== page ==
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rookie ? on nectar flow

2536 Views 6 Replies 5 Participants Last post by  NewBee
Sorry. I'm sure this will sound idiotic to the experienced beekeepers. Does the presence of blossoms on nearby weeping cherries indicate the start of the nectar flow here in Baltimore?
And, if yes, are some flowering trees considered to be lesser nectar sources just because of volume of nectar, etc?


David in Baltimore
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Nectar "flow" is a relative term. Usually the "main" flows are early summer and late fall around here. But some places have a fairly constant flow or different amounts of flow.

Around here I consider the early fruit trees to be a small early flow, but not the main flow by any means. The bees seem to like the plums better than they like my pears, but I still get a lot more pears with the bees around. So I'm sure the bees get some nectar from them. Different trees have different amounts of nectar for the bees but I don't consider myself an expert on which is which. However the bees are experts.
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I suspect that the flow conditions in Baltimore are not too unlike what we have here in Suffolk, VA. I think it also depends upon the year. I know from last year that when the bradford pears were blooming (late March thru early April) my bees were actually storing excess honey. This year, the bradford blooms have come and gone and not a drop of honey in my supers. Our weather this year has been pretty unfriendly to the bees - some warm temps early followed by relatively cold. The cold has killed a lot of the developing brood (as noticed on the SBB) and I suspect has set back hive populations. Of course this is probably an optimal result for the bees given the situation, but it makes the beekeeper a bit anxious.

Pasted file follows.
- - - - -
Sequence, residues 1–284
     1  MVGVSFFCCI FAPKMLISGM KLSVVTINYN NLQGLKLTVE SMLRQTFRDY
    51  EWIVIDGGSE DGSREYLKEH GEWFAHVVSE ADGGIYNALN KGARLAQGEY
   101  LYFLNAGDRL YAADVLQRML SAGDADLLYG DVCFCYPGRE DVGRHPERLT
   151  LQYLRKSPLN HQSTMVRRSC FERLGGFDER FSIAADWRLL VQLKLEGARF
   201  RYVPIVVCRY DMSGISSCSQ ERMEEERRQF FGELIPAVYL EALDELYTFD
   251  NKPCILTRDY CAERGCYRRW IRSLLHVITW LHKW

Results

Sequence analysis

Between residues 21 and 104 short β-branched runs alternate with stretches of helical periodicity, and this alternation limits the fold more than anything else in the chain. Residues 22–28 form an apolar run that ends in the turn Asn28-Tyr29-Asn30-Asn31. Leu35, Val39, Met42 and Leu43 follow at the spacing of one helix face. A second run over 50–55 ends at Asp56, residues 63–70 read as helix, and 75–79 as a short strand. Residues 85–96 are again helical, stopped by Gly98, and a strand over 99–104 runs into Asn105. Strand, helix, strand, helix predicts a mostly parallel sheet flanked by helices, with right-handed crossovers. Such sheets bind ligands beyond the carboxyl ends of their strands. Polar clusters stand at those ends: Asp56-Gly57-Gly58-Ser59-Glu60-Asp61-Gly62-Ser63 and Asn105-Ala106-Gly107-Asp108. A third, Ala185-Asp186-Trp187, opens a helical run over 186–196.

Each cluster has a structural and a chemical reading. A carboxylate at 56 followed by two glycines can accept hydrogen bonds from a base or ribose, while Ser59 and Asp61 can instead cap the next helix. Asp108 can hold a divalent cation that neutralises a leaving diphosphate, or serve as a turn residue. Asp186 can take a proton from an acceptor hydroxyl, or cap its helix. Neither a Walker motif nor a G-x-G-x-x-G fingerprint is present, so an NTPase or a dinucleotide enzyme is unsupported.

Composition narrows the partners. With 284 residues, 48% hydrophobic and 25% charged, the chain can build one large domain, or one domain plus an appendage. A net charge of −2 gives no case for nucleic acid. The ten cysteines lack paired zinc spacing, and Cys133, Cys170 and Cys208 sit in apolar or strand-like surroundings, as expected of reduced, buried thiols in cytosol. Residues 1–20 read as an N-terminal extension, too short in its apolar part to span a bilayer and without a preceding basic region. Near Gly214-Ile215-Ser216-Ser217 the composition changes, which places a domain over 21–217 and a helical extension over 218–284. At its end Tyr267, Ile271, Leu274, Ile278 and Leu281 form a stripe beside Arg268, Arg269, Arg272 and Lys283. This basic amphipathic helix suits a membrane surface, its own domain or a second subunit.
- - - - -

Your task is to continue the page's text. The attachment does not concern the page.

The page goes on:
In our area, the main flow occurs after most of the blooming fruit trees. Some of the biggest producers are: tulip popular (mid to late May thru early June), Holly trees mid-to late April thru early May).

Best of luck.
According to George Imirie, the main nectar flow for central MD (Montgomery county) begins around April 15th, and ends sometime in early to mid June.

He recommends putting 4-5 empty supers of drawn comb on each of your hives no later than April 15th and preferably earlier. I'd say that if you haven't put them on already, you should do it this weekend.
Man I wish I had supers of drawn comb. The bees are gonna have to draw them out this year i'm afraid. I hear they can really crank them out when the flow is heavy.
>Man I wish I had supers of drawn comb. The bees are gonna have to draw them out this year i'm afraid. I hear they can really crank them out when the flow is heavy.

John Seets will sell you all the fully drawn plastic comb you want. PermaComb.
Being in the Baltimore area you are about three to four weeks ahead of the South Jersey area... Look for the Dandelions and Skunk Cabbage...theses are sure signs of pollen and start of nectar gathering...I am expecting the flow to start in about two to three weeks from now up here....Yes the bees are very discerning about nectar sources... for instance apples are not all that great a nectar source so..they will look for the best nectar and nectar source and best pollen and pollen source within the area..Steve

[This message has been edited by NewBee (edited April 08, 2004).]
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